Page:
A couple other Ida McKinley slipper-fun-facts:
  • She kept a photo of William in her yarn basket. For inspiration while I made my slippers, I stuck a William McKinley Pez Dispenser in my yarn bag. 
  • When Ida learned that former president Rutherford B. Hayes was ill, she sent him a pair of slippers that he wore until he died. Because of that, I have started referring to these slippers as "The Rutherford B. Hayes Slippers of Death."

Now...don't get too excited...but if there's enough interest, I might consider doing a giveaway for a pair of custom slippers. I'd probably run this in time for the holidays, so if you win you could avoid scouring stores for the perfect gift for the person in your life who loves history and wears women's slippers. If this is something you'd like to see, be sure to leave a comment here or on my Facebook page.

Wednesday, August 24, 2016

Give Andrew Jackson a Tattoo!

Now and then an article pops up about surprising people in history who have had tattoos. Always included on those lists are Andrew Jackson, James K. Polk, and Teddy Roosevelt.

Supposedly Roosevelt had his family crest tattooed on his chest, Polk had a Chinese symbol meaning "eager," and Jackson had---I kid you not---a tomahawk inked on his upper thigh.

Now, I don't want to call bullshit on all of these, because they're...possible? I guess? Especially Roosevelt because I could totally see him having a tattoo. The problem is that I haven't actually been able to find any proof other than the same articles repeating the same "general knowledge" without actually giving any sources. I'm inclined to believe that TR did not, in fact, have a family crest on his chest, but I'm open to the possibility that he did. Except I really doubt it.

I am perfectly willing to go out on a limb and call BS on Polk having a Chinese symbol tattooed on him. What, did he have a small butterfly on his lower back, too? I'm trying to figure out a scenario in which this supposed tattoo would have happened. Oriental art has found some popularity here and there ever since America started trading with China, but not to the level that some mid-19th-century white dude would get a tattoo of a Chinese character. Polk's predecessor John Tyler was president during the ratification of the Treaty of Wanghia after the first Opium War, but I'm not aware of any significant dealings Polk had with China that might have inspired this "eager" tattoo in some way. (To be fair, I know very little about Polk's foreign affairs outside of the Mexican-American War and the annexation of various territories, so maybe he was really into China? But again, I doubt it. If any Polk scholars want to weigh in, please do.)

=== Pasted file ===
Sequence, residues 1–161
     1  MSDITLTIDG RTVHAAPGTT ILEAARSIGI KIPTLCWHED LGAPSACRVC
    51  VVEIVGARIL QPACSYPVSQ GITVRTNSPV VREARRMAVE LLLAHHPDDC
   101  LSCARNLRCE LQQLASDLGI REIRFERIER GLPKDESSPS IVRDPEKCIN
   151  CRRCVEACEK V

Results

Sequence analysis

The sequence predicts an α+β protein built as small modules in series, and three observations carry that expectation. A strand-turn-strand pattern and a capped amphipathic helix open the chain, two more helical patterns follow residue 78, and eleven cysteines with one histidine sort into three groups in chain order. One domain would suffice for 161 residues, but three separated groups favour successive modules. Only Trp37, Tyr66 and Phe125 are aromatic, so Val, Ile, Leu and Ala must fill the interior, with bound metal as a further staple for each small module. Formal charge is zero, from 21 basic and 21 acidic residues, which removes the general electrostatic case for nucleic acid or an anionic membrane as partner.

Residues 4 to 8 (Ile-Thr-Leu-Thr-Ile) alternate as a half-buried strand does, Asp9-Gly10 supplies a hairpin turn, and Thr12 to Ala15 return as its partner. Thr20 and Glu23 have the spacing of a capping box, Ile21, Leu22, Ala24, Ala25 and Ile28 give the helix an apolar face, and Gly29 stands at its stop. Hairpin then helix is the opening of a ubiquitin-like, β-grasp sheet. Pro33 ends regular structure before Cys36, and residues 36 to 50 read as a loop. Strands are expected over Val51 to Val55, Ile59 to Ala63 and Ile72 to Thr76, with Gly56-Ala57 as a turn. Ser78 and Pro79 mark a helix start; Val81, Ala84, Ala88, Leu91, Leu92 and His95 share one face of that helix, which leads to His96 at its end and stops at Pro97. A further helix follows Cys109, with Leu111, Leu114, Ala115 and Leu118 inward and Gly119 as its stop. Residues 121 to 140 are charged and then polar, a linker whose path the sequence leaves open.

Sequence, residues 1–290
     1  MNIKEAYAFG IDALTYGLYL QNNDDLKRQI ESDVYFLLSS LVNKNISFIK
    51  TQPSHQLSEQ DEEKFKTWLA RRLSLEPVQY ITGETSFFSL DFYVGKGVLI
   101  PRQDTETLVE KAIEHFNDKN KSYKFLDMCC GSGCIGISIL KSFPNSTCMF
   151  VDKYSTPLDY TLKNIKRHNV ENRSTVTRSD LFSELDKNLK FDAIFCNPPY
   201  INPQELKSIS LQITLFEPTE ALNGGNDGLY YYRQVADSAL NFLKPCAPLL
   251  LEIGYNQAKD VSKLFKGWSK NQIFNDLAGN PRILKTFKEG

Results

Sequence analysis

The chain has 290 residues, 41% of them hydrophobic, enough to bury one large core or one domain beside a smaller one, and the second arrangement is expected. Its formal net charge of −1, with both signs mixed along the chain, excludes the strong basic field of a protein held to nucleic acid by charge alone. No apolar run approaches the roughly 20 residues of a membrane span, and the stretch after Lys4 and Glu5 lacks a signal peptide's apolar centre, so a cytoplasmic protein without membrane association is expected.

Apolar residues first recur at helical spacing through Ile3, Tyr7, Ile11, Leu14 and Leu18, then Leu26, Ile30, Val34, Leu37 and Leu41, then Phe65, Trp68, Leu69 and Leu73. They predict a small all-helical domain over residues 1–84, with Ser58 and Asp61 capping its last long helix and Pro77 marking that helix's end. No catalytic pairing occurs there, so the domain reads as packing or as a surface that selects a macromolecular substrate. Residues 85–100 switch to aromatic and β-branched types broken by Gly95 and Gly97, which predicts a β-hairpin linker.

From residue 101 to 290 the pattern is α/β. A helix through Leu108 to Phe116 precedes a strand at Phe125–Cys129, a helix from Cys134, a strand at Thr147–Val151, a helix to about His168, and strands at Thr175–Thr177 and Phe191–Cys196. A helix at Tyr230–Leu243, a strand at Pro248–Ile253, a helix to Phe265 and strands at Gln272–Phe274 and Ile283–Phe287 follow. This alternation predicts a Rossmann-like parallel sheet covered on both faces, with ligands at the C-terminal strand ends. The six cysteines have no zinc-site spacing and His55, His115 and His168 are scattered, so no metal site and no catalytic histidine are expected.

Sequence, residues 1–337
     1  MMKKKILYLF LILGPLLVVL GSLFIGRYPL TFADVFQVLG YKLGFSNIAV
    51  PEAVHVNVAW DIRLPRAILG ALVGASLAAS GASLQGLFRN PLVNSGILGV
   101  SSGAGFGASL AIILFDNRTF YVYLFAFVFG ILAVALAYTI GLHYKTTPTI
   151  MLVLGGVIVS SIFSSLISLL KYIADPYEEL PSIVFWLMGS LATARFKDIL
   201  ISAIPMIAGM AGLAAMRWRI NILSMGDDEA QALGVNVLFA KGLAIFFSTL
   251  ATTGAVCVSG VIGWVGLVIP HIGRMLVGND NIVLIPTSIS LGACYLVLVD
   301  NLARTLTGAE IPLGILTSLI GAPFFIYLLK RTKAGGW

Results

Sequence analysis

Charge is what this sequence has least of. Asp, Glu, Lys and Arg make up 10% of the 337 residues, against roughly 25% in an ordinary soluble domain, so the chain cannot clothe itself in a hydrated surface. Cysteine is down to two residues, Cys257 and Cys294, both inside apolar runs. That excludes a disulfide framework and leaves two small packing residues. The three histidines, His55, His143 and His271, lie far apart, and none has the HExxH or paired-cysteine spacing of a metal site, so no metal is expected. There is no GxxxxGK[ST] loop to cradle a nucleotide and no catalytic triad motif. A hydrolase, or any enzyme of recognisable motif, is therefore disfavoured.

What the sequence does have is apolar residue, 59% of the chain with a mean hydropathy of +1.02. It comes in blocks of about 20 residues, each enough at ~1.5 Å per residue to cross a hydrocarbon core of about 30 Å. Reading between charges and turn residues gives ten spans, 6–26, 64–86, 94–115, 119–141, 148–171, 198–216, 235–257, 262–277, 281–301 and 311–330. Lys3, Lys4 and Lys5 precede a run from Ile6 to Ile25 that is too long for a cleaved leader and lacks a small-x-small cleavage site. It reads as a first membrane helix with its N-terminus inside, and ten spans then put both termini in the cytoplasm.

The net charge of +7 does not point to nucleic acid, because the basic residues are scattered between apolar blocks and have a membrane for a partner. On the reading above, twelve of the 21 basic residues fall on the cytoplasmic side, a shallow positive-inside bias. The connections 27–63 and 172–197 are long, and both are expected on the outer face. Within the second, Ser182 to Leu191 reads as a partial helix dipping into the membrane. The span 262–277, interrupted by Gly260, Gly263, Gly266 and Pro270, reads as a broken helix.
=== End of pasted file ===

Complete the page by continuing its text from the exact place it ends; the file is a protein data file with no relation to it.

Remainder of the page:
That brings us to Jackson. I love the idea of Jackson having a tattoo, but on his upper thigh? For real? And a tomahawk? That would be a pretty dickish move considering his track record, although I suppose in a way that's fitting for him.

I decided to go to the best source I could to get some answers about Andrew Jackson's tattoo: I emailed the people at The Hermitage. I asked if Jackson really (or likely) had a tattoo, or if this was all an urban legend.

Less than 24 hours later I received a response: "Unfortunately, there is no definitive proof that Jackson had a tattoo on his thigh. This story more than likely an urban legend that has grown in popularity over time."